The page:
In our time, I see two tendencies at work which fundamentally change the way history has been understood up to now. While the classical way consisted in taking great, wise, venerable people as models (above all men) and regarding them as the actual demiurges of historical transformations, an altogether different tendency has established itself at the latest with Marx. Now impersonal mechanisms of a social, psychological, political kind were held responsible for historic change. This substitution of the personal by the impersonal was accompanied by what we may call democratic pathos that finds the idea unacceptable that men or women of the past should be considered more credible than the normal man of our time (since we are all basically the same). Such democratic pathos logically culminates in Henrich’s proceedings: People living today are questioned about every imaginable item and their answers then statistically evaluated in order to interpret even past history.
I deal with what I believe to be a second modern tendency in dealing with history when – via the detour of freedom and necessity – I respond to your objection that you cannot accept Henrich’s approach as scientifically serious. Here I do not quite agree. Certainly, his approach would not be scientifically serious if his peers can prove that his generalizations are not empirically justified – that is, false. But there is nothing wrong with generalizations per se – even the most daring ones – from a scientific point of view. More precisely, nothing except that little remains of previous historiography. For what Henrich presents to us is a most alarming assimilation of the human sciences to the natural sciences. The latter may allow themselves to summarize the whole order of nature in one single formula like E = m*c2, because the regularities of nature are laws which from the human perspective are eternally. But this obviously does not apply to the sphere of man and human institutions.
Now, the endeavor to transfer the methods of the natural sciences to those of the mind as well exists since the 17th century – German Romanticism merely repelled it for some time. It is precisely this endeavor which manifests itself in full strength in Henrich’s work. So, it is no surprise that his work too (difficult to read due to constant repetitions) may be summarized in a single formula: Progress = destruction of close relations + psychic factors A, B, C….
As I said before, this endeavor in itself should not be called unscientific. It only becomes so, if one believes to be able to apply such formulas just like those of the natural sciences. What these are meant to achieve, is obvious. Einstein’s world formula gives us immense power. With its help we have tamed the nuclear forces of nature.
But let’s assume that Henrich’s formula is empirically correct. Would it then be possible to use it in the same way in order to exercise power over people and society? For instance, could we provide government with a recipe of the kind: Be careful not to allow marriages between cousins. If you do so, you can be sure that society will develop in the direction of democracy, innovation, etc.?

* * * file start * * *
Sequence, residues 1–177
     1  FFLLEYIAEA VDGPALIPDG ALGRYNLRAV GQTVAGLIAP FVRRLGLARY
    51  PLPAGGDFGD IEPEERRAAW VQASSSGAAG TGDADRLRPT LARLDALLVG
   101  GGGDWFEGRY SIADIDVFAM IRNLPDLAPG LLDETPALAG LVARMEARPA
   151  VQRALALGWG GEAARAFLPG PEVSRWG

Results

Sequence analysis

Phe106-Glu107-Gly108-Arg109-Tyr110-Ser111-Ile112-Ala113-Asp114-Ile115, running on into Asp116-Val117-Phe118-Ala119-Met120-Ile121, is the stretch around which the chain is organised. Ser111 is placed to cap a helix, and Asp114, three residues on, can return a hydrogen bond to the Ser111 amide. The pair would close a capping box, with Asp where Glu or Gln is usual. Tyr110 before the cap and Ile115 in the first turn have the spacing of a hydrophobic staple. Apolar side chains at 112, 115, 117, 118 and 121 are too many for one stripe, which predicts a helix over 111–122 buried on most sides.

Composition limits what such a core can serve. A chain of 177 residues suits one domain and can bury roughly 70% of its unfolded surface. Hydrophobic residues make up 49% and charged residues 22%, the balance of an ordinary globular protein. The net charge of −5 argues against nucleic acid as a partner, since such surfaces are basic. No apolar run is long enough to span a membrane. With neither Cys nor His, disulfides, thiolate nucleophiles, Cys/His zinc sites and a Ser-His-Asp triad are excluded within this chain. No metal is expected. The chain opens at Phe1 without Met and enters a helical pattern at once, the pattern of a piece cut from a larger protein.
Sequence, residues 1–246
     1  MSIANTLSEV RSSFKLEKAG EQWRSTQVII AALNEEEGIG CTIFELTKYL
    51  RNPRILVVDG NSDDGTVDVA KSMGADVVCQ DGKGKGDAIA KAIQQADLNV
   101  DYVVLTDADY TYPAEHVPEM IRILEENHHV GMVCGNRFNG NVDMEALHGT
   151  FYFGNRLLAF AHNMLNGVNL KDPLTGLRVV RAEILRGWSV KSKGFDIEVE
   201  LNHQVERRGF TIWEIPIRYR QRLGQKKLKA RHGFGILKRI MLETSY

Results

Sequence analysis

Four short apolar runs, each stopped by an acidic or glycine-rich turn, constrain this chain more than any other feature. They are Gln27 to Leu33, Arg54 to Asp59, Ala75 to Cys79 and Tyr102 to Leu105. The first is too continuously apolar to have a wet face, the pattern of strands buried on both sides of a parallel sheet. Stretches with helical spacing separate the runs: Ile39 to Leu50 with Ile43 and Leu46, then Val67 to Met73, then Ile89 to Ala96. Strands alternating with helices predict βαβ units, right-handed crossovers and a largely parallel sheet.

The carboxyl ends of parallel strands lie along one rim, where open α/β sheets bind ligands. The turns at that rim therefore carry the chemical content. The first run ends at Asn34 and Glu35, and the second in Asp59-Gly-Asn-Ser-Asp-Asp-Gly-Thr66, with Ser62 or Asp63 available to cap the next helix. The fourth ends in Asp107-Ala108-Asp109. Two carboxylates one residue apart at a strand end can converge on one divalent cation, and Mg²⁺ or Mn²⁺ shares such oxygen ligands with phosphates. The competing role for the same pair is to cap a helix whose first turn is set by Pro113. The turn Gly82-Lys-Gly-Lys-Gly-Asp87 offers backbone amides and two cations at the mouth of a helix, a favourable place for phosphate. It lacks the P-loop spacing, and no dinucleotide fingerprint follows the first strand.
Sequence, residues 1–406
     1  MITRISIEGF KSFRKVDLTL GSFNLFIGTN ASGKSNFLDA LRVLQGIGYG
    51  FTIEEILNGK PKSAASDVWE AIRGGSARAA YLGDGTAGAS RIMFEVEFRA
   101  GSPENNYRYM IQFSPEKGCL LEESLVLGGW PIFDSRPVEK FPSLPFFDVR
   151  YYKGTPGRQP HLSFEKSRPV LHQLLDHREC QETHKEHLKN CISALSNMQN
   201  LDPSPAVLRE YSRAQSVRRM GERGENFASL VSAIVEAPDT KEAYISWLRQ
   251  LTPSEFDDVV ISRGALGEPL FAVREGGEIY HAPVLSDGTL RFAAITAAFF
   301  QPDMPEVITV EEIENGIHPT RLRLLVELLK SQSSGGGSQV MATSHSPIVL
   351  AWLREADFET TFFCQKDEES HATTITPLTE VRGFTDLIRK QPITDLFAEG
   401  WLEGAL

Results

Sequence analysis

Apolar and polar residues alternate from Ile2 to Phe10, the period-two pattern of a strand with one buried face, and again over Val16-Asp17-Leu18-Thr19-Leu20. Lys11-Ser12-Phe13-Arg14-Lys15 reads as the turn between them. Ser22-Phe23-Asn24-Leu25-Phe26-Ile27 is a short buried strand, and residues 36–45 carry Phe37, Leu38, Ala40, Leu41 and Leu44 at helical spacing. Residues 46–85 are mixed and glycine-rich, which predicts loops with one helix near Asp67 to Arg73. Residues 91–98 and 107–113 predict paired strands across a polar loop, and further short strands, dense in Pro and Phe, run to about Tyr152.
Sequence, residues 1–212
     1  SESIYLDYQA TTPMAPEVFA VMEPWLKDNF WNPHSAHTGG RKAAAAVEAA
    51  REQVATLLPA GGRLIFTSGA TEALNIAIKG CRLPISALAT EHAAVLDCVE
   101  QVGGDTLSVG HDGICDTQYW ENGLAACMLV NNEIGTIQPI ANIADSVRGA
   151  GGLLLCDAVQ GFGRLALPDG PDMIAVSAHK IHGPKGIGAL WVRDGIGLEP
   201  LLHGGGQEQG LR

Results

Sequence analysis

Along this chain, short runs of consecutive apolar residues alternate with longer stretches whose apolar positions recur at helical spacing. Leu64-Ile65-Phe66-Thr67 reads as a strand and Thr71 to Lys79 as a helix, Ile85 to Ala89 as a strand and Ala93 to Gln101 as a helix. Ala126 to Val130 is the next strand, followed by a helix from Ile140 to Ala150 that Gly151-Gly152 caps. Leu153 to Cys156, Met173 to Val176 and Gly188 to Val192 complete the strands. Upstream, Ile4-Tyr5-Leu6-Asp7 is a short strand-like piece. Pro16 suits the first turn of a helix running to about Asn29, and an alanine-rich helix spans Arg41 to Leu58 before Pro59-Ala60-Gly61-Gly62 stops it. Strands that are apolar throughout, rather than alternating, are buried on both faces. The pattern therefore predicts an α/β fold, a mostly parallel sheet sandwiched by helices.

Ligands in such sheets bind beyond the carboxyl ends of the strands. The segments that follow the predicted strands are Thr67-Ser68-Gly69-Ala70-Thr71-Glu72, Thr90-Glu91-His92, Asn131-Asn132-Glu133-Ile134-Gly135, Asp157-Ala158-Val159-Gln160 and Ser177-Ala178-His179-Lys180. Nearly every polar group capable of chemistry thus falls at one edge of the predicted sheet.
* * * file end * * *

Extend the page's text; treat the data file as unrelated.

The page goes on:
Just like you, dear Mr. Mitterauer, I harbor the strongest reservations against this new way of using history (which in fact amounts to its abolition). Until recently, people used to look up to great role models for guidance. With immense pleasure I followed Will Durant, a master of this empathetic way of presenting history. But I know a professorial philistine who, to speak with Nietzsche, never discovered more than one or two philological earthworms, but nevertheless allows himself to disparage this encyclopedically educated man as a mere popularizer. He is doubly wrong since Durant is no longer popular at all, nobody reads him anymore, although his time is separated from ours by only one generation.
Now, let me express my real reservation against Henrich, which I omitted in my first essay. Even if his generalizations are not invalidated as empirically wrong, the formulas based on them can never be used for practical purposes like those of the natural sciences. For it is here once more that human freedom comes powerfully into play. If man suffocates under too much order, he longs for chaos (see my quotation from Kolakowski), if around him the world disintegrates in chaos, he longs for nothing so much as for order. To put it in the words of Paul Valéry, two things constantly threaten the world: order and disorder. In this way, he lives with and in opposites – and both condition each other.
A formula of the kind “progress = destruction of close relations” therefore leads us completely astray. At the beginning of the 21st century we are aware that America is no longer a melting pot but threatens to disintegrate into independent ethnic groups. But not only in the US, everywhere in the world ethnic nationalism seems to be on the rise. Moreover, the consequences of progressively loosening all close interpersonal ties become more and more visible as it now even threatens to disintegrate the oldest institution of mankind, namely marriage. Couldn’t we even argue that the dissolution of endogamous ties posed no problem for the very reason that the closest of all, namely marriage, still provided the individual with a sufficient emotional anchorage?
Henrich knows nothing about the dialectics of interdependent opposites, Henrich does not know anything about the conditionality of opposites, and neither do those of his successors who destroy humanities by wanting to transform them into a natural science (because it only partially overlaps with them).